The UK’s Crown Prosecution Service (CPS) will prosecute web users who impersonate others or use fake online profiles to “harass” them under new guidelines for England and Wales published today.
The CPS advises prosecutors to act when “fake online profiles and websites” are created to “damage and humiliate victims.” The CPS also warns that information could be shared “in such a way that it appears as though the victims themselves made the statements,” adding that this “may amount to an offence, such as grossly offensive communication or harassment.”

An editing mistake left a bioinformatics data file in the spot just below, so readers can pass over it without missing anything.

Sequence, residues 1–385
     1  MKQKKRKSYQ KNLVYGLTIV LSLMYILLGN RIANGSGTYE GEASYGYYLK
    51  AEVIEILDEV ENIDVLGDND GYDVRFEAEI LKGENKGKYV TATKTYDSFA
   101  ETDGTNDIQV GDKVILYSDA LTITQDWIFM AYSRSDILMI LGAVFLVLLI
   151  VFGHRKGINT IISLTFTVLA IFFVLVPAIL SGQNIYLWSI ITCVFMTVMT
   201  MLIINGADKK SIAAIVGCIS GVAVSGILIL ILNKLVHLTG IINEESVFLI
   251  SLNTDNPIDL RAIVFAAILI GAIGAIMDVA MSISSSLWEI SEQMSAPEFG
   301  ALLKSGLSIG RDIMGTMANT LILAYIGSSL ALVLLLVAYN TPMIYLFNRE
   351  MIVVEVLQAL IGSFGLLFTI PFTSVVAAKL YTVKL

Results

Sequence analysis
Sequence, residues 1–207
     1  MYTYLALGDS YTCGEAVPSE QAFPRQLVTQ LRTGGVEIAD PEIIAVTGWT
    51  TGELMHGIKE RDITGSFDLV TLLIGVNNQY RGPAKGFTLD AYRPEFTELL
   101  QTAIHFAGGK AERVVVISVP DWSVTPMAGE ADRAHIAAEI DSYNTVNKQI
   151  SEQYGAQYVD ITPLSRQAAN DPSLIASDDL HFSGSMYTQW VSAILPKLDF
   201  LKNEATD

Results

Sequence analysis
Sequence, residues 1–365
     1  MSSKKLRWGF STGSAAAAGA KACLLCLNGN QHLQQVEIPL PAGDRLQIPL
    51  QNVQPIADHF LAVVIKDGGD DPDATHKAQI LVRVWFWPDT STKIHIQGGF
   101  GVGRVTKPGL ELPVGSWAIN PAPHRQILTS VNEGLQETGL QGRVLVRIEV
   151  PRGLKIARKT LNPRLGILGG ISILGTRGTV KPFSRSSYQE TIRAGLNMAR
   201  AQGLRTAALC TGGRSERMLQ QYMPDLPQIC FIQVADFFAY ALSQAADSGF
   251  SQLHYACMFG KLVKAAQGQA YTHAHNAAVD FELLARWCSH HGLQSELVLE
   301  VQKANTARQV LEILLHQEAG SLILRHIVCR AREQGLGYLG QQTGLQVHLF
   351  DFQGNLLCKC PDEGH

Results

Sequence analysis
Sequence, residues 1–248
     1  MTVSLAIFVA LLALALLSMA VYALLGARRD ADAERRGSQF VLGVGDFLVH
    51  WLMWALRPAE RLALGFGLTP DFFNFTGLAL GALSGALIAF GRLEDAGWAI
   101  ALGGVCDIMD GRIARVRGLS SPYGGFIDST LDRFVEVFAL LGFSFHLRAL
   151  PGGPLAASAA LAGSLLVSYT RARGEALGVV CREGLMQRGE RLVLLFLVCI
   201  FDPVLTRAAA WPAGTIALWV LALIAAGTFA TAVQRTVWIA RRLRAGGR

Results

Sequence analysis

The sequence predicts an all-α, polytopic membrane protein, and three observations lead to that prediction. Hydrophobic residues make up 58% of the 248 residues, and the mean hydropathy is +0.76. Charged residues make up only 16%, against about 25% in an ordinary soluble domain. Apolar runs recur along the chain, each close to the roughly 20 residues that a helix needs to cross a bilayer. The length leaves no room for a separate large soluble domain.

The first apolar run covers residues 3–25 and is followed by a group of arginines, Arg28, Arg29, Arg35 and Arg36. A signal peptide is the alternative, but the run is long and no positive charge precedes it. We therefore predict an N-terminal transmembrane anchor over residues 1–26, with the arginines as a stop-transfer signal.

The guidelines raise questions for the well-established tradition of social media parody accounts. These are particularly popular on Twitter, where parody accounts of prominent politicians like British Conservative minister Nick Boles and US Presidential candidate Donald Trump are familiar sights. … read more here
Utah Standard News depends on the support of readers like you.
Good Journalism requires time, expertise, passion and money. We know you appreciate the coverage here. Please help us to continue as an alternative news website by becoming a subscriber or making a donation. To learn more about our subscription options or make a donation, click here.
To Advertise on UtahStandardNews.com, please contact us at: firstname.lastname@example.org.